5. You are never powerless, even if you are a creepmouse.

Henry Tilney of Northanger Abbey said that women have “only the power of refusal.” But in Mansfield Park, Fanny Price shows how powerful refusal can be. Her refusal of Henry Crawford sets off a chain of events that results in scandal, divorce, heartbreak, and which nearly brings a powerful family to its knees. Not that she does it for power or even thinks of herself as powerful. She’s been a timid, self-denying doormat and neglected poor relation for so long that she could hardly conceive of herself as powerful. She may not be the most exciting or charismatic of Austen’s heroines, but that girl shows remarkable spine and resolve and courage in standing up to pretty much everyone. She knows that Henry Crawford is wrong for her, and that’s all there is to it. BTW, The Paris Review’s defense of Fanny Price is well worth reading.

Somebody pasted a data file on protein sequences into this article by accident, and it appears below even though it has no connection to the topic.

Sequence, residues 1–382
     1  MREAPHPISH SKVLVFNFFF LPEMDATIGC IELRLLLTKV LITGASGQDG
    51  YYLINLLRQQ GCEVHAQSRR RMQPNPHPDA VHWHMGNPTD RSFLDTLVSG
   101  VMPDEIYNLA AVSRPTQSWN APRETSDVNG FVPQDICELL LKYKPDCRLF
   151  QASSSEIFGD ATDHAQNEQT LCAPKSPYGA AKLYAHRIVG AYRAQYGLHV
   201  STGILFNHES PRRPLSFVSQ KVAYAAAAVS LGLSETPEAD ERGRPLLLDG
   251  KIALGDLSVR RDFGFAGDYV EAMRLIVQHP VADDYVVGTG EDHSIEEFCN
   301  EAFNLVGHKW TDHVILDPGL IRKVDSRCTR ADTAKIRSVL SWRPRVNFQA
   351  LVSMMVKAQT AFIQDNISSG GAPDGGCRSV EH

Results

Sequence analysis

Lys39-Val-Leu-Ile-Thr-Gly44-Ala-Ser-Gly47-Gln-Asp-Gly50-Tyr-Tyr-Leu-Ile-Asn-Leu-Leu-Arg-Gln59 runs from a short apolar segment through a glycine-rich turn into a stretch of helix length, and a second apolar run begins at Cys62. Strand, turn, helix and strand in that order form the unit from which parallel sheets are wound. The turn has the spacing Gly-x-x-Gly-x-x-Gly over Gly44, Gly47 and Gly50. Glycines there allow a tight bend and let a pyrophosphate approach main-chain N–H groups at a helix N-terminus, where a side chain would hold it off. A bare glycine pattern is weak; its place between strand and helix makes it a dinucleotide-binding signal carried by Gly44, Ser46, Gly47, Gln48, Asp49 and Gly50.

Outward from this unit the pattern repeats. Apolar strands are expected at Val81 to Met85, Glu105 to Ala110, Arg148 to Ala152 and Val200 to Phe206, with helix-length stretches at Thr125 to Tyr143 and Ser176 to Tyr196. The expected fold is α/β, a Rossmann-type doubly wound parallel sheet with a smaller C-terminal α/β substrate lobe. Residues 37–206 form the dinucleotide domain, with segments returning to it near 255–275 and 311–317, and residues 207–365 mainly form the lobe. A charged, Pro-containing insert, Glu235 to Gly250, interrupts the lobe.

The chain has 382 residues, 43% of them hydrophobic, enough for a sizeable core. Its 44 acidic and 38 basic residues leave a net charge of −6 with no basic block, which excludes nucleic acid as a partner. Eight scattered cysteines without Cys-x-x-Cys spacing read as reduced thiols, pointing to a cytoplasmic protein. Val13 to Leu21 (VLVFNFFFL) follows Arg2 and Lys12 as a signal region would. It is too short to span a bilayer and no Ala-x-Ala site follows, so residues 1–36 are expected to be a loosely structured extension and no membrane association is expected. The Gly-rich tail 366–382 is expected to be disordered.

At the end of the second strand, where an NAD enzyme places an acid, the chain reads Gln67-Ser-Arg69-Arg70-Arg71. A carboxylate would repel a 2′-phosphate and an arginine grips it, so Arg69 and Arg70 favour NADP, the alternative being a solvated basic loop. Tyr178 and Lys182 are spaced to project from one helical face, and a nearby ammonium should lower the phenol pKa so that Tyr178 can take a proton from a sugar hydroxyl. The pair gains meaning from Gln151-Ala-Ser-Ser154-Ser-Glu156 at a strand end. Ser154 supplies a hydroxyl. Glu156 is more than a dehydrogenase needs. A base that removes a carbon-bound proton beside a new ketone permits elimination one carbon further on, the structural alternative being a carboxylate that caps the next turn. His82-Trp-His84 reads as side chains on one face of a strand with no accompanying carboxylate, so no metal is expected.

6. Be a keen observer.

Anne Elliot may come off as a passive heroine, but her keen observations of human nature are almost like a superpower, much like Austen herself. Case in point: Despite Captain Wentworth’s flaunting his supposed indifference to her by publicly paying lots of attention to Louisa Musgrove, Anne knew he wasn’t in love with Louisa. There had been a ton of stinging rejection, and so even after Anne learned that Louisa was going to marry someone else, and that Captain Wentworth was now, like Anne, in Bath, most women would need the equivalent of a cartoon anvil dropped on their head to convince them that this man had the slightest bit of interest in her.